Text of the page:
This is a bit late, but I am now giving out my second “Adaptationomics Award” to David Brown, for his article in the Washington Post on “How science is rewriting the book of genes.” This award is for somehow misusing genomics to push forward ideas that are excessively adaptationist (i.e., somehow claiming that something must be adaptive simply because it is observed to exist). I have given out one before (see here).
The article by Brown itself reports on some moderately recent changes in human genetics. Among the items discussed are “junk DNA”, alternative splicing, and “inefficiencies” in genetic machinery. Some of the discussion in the article in interesting. But it is the last topic, the “inefficiencies” that really gets to me.
It starts off
“It used to be a rule — actually, more of an assumption — that the genetic machinery of living organisms was never intentionally wasteful or inaccurate. It turns out this isn’t always true, either.”
First of all, there is no “intention” in genetic machinery (or by implication, in evolution). I note that this is one of the hallmarks of adaptationism (and adaptationomics) – the anthropomorphizing of DNA.
Then Brown describes some recent papers suggesting that for some protein coding genes, there are (get ready for this) phenotypic differences in alleles that have only synonymous differences. That is, these alleles code for the same protein but use different codons for certain amino acids. Now, never mind that it has been known for 20+ years that codon usage is under selection in some cases (e.g., see papers by Hiroshi Akashi such as this one).
What gets me here is that the discussion that centers on the notion that some synonymous differences are either “inefficient” or “wasteful” and that there MUST be an explanation as to why a cell would do this.
” Why would evolution favor this built-in inefficiency?”
No – nowhere in the discussion has there been any evidence presented that evolution “favors” this kind of thing (by favor, I assume he means something akin to positive selection, but emotions make evolution so much closer no?). So it would be better to ask “Is this under positive selection” or, in emotional terms “Does evolution favor this?”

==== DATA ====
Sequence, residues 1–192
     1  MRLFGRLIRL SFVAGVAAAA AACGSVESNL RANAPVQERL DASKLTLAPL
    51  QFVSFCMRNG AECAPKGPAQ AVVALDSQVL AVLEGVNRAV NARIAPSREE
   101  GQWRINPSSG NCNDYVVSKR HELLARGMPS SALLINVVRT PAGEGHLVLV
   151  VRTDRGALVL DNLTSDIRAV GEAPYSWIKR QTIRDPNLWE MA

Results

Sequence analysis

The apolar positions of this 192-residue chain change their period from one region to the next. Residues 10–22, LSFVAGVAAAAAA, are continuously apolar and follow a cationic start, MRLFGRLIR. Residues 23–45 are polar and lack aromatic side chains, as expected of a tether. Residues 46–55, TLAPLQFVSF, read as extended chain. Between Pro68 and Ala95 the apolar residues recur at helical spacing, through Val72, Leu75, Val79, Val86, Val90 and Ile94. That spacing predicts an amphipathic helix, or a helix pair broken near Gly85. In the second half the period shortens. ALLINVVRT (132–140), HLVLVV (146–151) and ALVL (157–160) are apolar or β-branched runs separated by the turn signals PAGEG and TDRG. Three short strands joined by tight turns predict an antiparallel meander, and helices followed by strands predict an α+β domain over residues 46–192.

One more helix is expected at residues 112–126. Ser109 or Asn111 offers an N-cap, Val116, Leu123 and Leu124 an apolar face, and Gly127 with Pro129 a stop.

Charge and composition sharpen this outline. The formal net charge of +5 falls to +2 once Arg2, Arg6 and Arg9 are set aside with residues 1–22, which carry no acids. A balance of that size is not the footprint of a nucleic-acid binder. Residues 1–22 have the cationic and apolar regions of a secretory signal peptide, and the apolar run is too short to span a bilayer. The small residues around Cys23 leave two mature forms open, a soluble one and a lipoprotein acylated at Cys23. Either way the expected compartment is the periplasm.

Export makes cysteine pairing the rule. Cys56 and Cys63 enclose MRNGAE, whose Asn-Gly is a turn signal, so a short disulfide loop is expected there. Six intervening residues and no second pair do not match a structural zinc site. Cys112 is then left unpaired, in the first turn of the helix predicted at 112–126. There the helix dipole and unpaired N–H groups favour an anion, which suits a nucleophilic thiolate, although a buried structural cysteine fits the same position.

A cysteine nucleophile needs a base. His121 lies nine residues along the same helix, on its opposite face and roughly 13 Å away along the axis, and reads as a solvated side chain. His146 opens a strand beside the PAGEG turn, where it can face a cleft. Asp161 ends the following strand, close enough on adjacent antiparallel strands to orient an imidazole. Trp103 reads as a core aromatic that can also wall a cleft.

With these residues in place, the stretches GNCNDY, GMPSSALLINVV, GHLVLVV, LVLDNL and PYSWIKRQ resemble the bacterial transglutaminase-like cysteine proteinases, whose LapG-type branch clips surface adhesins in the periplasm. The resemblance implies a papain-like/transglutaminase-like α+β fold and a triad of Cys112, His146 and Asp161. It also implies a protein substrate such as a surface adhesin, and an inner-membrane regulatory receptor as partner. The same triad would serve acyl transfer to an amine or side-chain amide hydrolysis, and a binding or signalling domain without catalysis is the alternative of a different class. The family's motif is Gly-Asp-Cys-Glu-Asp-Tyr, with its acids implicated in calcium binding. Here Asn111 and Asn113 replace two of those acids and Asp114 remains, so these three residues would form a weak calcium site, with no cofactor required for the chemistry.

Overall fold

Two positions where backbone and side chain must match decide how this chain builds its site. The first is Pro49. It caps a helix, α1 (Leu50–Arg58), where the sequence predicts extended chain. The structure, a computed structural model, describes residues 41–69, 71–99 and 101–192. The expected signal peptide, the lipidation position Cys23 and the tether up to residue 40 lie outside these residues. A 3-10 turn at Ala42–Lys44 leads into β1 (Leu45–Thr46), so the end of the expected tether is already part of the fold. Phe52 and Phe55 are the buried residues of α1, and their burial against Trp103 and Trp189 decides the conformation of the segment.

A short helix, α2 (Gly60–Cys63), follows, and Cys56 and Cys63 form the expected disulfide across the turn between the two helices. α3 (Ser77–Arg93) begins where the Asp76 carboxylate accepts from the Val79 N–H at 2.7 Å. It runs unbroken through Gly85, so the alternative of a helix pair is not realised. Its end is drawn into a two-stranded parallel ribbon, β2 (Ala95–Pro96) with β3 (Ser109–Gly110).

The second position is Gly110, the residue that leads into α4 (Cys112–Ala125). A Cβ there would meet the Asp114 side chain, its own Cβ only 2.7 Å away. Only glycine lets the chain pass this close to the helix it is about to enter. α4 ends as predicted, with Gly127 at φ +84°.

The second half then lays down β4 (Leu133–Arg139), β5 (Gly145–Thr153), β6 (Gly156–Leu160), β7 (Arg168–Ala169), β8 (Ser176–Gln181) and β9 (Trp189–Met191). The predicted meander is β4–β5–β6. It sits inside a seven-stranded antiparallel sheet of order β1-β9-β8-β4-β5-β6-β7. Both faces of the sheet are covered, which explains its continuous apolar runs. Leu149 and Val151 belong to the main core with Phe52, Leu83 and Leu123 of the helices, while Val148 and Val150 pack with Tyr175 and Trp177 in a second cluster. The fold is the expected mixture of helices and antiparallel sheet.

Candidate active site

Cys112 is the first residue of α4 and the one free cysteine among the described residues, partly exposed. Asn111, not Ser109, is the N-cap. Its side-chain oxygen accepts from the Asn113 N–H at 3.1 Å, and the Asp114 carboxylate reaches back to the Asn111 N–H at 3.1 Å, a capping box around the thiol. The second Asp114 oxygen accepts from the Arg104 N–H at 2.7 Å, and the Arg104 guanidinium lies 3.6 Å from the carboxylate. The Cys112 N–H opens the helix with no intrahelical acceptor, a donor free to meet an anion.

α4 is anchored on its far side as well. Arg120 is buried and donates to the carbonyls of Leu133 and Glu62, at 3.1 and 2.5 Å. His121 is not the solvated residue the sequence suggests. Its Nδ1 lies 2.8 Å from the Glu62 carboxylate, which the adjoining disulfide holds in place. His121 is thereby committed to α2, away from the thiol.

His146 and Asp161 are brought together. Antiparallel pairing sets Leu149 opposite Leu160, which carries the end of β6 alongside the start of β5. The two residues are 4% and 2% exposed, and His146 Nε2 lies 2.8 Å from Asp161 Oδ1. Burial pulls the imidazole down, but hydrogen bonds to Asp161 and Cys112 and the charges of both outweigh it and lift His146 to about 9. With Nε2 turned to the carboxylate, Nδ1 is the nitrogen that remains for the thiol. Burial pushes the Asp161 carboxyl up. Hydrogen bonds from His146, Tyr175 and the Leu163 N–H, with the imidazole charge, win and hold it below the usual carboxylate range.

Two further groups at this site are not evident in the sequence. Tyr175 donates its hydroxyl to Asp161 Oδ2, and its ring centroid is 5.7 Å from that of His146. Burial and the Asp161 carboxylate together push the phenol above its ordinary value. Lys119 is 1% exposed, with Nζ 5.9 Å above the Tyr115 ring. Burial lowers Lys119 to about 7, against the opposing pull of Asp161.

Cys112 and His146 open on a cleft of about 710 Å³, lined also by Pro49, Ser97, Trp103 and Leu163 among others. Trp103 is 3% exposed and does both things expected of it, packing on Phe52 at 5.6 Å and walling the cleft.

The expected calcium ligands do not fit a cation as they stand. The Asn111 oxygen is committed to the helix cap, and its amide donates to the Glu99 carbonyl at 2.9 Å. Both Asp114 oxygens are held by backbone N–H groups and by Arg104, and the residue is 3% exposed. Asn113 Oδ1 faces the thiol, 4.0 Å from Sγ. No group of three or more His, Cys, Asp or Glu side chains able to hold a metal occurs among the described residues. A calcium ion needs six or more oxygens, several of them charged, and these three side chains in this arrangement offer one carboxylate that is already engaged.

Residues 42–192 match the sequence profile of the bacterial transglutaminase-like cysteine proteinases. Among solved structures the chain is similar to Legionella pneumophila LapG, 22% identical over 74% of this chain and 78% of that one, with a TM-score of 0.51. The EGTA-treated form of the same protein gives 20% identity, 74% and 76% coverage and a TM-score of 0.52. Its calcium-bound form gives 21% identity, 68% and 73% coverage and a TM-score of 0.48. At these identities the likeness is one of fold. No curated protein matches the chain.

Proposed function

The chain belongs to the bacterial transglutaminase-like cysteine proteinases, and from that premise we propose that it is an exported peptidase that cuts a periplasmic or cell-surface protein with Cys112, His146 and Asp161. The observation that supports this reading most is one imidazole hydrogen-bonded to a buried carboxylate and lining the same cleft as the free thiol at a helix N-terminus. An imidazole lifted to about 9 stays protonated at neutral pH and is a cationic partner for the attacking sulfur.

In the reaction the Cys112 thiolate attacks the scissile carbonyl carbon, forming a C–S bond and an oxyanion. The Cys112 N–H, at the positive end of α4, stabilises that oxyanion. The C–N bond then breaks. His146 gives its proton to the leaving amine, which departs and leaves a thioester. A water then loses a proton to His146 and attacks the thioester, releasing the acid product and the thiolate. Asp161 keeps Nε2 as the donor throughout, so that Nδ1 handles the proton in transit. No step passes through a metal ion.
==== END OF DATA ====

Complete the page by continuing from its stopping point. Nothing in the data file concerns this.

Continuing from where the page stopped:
And the next discussion is even more adaptationistic. Here he discusses “nonsense mediated decay” whereby translation is terminated in the middle of making a protein. Brown then asserts that this wastefulness must have some adaptive explanation. And he does this by a painful analogy:
Think of a cell as containing a factory that makes both tractors and tanks. In peacetime, few tanks are made, but the knowledge and capacity is never lost. Most tanks are built halfway and then broken down, with the parts sent back up the assembly line for reuse.
But then comes great stress; say the cell is experiencing too much heat or not enough oxygen or food. That’s where nonsense-mediated decay (NMD) comes into play. It’s suddenly wartime, but instead of refitting the factory to make tanks, all the cell has to do is give the order to take the half-made tanks to completion.
Umm — I do not even know where to begin with this. Is he implying that the ribosome needs to keep its wheels greased in order to know how to make the protein when it is needed? I am not clean. But regardless, the implication is clear — there MUST be an adaptive explanation for all examples of NMD. Just in case oyu did not see the push for adaptationism — the end sentence reminds us:
Just the right amount of wrong instructions and wasteful habits — that’s what evolution has built into all of us.
Ick. And thus my Adaptationomics award #2.